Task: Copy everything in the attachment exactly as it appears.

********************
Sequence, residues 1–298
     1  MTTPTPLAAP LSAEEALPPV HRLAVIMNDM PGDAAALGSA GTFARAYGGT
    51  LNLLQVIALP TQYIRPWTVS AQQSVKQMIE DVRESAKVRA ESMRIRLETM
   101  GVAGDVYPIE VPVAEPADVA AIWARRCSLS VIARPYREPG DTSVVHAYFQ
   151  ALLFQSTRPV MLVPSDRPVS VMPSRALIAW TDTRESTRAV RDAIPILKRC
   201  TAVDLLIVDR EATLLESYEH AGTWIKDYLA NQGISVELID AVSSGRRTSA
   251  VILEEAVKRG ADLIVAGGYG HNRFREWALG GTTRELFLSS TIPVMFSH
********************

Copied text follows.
Sequence, residues 1–298
     1  MTTPTPLAAP LSAEEALPPV HRLAVIMNDM PGDAAALGSA GTFARAYGGT
    51  LNLLQVIALP TQYIRPWTVS AQQSVKQMIE DVRESAKVRA ESMRIRLETM
   101  GVAGDVYPIE VPVAEPADVA AIWARRCSLS VIARPYREPG DTSVVHAYFQ
   151  ALLFQSTRPV MLVPSDRPVS VMPSRALIAW TDTRESTRAV RDAIPILKRC
   201  TAVDLLIVDR EATLLESYEH AGTWIKDYLA NQGISVELID AVSSGRRTSA
   251  VILEEAVKRG ADLIVAGGYG HNRFREWALG GTTRELFLSS TIPVMFSH